The Twa Corbies –
Jist imagine twa craws sittin on a tree an plannin their next meal. That’s fit this sang’s aboot. Ane o them his spotted a deid knicht lying ahin a dyke an tells the ither ane he’ll mak a rare denner for them. They even describe the tastiest bitties tae eat first.
This sang’s aroon three hunner year auld an there’s an English version o’t caed The Three Ravens, but fit ane cam first we dinna ken.
It’s still affa popular, despite, or maybe because o, it’s gruesome story.
As I was waaking aa alane
I heard twa corbies maakin a mane
The ane untae the ither did say
Far sall we gang and dine the-day, o
Far sall we gang and dine the-day
It’s in ahin yon aul fell dyke
I wot there lies a new slain knight
An naebody kens that he lies there
But his hawk, and his hound, and his lady fair, o
His hawk, and his hound, and his lady fair
His hound is tae the huntin gane
His hawk tae fetch the wild-fowl hame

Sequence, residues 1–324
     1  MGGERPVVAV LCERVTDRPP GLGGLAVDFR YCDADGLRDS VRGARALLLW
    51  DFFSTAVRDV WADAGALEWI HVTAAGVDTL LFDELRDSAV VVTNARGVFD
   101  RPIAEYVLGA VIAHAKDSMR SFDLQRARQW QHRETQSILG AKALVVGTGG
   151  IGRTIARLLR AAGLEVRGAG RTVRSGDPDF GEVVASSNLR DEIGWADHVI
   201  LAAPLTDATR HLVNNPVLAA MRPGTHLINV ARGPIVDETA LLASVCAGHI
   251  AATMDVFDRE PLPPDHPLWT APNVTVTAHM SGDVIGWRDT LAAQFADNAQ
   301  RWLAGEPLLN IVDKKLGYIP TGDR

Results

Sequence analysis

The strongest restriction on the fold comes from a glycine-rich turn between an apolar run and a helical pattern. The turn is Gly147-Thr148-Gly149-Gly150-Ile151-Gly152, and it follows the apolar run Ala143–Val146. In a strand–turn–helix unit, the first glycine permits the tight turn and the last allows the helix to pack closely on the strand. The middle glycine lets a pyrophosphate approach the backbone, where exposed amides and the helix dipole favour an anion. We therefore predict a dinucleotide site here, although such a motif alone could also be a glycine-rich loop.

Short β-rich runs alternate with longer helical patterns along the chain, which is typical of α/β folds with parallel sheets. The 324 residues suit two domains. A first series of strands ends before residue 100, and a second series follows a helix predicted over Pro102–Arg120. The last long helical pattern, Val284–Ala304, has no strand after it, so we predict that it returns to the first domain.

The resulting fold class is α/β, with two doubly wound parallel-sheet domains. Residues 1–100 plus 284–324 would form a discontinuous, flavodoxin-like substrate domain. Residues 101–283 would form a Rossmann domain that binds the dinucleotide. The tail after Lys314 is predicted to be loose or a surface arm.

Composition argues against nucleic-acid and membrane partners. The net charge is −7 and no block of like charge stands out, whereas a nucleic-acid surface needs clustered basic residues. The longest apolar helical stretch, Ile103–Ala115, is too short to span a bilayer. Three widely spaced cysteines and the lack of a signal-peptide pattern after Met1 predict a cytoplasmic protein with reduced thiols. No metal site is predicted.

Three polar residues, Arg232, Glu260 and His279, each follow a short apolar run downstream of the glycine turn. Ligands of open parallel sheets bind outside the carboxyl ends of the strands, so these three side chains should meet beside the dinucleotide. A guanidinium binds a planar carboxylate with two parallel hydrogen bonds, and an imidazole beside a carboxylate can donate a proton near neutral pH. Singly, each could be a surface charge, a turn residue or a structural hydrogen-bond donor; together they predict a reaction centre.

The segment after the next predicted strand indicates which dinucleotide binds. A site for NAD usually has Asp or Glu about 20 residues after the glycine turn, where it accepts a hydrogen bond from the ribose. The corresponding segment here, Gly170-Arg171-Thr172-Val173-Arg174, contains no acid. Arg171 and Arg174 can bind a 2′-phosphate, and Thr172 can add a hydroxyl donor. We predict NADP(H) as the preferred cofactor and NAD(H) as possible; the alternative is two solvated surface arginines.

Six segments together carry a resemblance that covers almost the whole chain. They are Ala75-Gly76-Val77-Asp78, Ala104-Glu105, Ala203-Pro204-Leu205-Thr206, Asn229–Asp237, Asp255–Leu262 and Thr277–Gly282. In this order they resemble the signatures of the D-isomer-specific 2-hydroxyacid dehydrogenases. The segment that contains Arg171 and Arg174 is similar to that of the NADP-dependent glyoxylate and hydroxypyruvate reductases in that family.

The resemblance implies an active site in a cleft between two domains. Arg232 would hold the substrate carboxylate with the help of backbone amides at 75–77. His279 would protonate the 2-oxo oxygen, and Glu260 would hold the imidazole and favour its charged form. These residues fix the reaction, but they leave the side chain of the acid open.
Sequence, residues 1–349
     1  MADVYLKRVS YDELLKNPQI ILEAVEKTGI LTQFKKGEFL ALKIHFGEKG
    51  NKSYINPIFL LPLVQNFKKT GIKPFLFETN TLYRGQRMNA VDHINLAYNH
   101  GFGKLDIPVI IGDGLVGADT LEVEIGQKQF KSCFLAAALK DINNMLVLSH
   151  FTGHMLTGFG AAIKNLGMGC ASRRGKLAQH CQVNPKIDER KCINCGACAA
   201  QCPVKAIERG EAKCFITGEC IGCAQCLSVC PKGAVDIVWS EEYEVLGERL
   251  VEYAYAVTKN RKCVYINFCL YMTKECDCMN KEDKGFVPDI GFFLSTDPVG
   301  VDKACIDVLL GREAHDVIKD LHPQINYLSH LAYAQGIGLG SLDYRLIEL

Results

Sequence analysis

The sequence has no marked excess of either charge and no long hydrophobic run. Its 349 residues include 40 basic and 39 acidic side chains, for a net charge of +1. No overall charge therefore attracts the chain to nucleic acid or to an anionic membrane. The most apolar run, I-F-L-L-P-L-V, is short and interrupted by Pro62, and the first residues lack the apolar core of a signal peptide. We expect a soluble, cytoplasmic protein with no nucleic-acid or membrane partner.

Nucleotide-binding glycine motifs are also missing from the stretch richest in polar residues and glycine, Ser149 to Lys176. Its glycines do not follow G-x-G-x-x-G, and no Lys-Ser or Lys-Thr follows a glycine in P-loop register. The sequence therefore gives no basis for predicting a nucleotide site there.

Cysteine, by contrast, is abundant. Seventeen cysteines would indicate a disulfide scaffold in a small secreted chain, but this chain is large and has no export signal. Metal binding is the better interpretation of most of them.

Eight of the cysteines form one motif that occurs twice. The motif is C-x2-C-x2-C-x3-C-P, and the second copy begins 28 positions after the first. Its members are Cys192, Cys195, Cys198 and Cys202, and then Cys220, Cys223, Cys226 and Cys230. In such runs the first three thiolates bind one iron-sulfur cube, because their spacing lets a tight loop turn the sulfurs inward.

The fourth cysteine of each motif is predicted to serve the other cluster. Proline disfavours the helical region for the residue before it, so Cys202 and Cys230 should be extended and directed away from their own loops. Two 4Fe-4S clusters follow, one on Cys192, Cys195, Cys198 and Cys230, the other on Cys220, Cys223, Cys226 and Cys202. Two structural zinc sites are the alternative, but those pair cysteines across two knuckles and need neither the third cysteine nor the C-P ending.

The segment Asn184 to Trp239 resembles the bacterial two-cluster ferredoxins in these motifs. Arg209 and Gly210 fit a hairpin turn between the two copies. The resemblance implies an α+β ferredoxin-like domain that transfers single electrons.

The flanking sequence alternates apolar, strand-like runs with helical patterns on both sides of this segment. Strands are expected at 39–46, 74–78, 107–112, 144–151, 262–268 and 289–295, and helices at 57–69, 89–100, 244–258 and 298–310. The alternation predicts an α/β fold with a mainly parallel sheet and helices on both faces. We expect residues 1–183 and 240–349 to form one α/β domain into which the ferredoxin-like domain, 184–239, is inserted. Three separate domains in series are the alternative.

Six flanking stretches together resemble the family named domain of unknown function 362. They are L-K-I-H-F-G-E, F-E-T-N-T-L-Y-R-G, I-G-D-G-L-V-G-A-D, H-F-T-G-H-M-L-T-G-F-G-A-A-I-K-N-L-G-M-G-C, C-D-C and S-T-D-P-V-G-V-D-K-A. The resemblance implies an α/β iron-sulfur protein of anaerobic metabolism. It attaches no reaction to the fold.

His lady’s taen anither mate
So we may maak oor denner sweet, o
We may maak oor denner sweet
It’s ye’ll sit on his white breest-bane
And I’ll pike oot his bonny blue een
Wi ae lock o his gowden hair
We’ll theek oor nest fan it grouws bare, o
We’ll theek oor nest fan it grouws bare
There’s mony a ane for him maaks mane
But nane sall ken far he is gane
Oer his white banes fan they are bare
The wind sall blaw for evermair, o
The wind sall blaw for evermair
Ballad: The Twa Corbies (Child 26)
Singer: Emma Spiers
Accompanists: Martin MacDonald, Guitar / Tom Spiers, Fiddle
There’s a couple o traditional Scottish tunes for this sang, but they dinna wirk sae weel as this aul Breton tune caed Al Alarc’h that it wis set till by a collectir caed Morris Blythman in the late nineteen fifties, and published in ‘101 Scottish Songs’ in 1962.